Collateral Damage: Land Loss and Abuses in Cambodia's Microfinance SectorReleased in August 2019
More than 2 million Cambodians currently have a loan with a microfinance institution, or MFI. Levels of debt have skyrocketed in recent years, leading to a number of human rights abuses, including coerced land sales, child labour, debt-driven migration, and bonded labour, according to a joint report from the Cambodian League for the Promotion and Defense of Human Rights (LICADHO) and Sahmakum Teang Tnaut (STT).
Collateral Damage: Land Losses and Abuses in Cambodia’s Microfinance Sector details the size and scope of Cambodia’s MFI sector and seeks to highlight the human rights abuses that researchers discovered. The research spans 10 communes in 4 provinces as well as Phnom Penh and features seven detailed case studies of abuses, chosen from the 28 MFI clients who suffered human rights abuses that were interviewed by researchers.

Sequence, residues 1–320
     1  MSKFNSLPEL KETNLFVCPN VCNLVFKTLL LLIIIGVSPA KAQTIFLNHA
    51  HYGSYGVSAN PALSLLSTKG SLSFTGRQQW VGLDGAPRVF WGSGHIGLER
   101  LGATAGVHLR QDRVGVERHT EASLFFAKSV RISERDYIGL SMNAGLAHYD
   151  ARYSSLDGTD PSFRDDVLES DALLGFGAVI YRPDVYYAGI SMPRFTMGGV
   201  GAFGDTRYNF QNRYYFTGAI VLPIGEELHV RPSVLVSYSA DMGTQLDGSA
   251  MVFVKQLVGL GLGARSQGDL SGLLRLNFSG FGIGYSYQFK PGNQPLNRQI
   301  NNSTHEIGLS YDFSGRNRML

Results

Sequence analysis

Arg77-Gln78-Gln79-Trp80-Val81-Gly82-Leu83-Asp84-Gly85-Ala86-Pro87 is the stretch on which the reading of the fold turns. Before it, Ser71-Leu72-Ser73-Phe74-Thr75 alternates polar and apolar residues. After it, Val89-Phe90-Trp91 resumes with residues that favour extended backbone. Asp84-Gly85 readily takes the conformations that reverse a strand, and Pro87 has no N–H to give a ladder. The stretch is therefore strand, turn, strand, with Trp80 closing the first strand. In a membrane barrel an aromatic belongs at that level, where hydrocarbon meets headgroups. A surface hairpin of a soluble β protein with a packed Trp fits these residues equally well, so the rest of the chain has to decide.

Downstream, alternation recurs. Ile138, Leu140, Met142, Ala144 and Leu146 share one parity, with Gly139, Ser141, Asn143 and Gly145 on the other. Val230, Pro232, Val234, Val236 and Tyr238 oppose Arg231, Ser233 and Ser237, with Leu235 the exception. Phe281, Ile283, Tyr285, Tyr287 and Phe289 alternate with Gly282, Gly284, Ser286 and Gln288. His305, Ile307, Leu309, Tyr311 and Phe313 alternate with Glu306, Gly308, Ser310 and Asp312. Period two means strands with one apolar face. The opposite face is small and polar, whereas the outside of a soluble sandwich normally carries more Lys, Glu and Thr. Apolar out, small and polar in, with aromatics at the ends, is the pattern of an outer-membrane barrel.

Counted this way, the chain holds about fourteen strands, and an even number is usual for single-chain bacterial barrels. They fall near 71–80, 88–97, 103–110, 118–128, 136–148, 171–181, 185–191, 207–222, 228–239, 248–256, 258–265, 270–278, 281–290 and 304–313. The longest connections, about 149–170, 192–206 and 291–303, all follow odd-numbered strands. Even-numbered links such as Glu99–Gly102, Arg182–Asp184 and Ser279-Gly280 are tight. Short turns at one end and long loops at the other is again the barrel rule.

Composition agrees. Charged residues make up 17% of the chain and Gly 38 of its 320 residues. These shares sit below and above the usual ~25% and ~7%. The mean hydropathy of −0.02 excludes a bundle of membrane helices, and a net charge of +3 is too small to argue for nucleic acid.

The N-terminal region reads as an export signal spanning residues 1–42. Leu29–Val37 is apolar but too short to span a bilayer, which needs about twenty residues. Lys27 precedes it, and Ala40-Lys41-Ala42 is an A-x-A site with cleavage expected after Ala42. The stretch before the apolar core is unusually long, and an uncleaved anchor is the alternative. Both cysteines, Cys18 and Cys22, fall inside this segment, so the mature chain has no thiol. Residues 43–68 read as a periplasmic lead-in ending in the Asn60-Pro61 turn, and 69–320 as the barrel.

MFIs in Cambodia charge high interest rates, require land titles as collateral, and target poor clients who are vulnerable to land loss. This predatory form of lending, which has led to immense profits for MFIs and their foreign lending partners, has negatively impacted the land tenure security of Cambodians, especially vulnerable communities.
Poor farmers should not be subjected to predatory financial activity, but rather have access to sustainable and community-managed financing. LICADHO and STT call on the Cambodian government, microfinance institutions and international investors to reform these practices and ensure that Cambodians are no longer forced to sell land and suffer human rights abuses in order to pay their debts.
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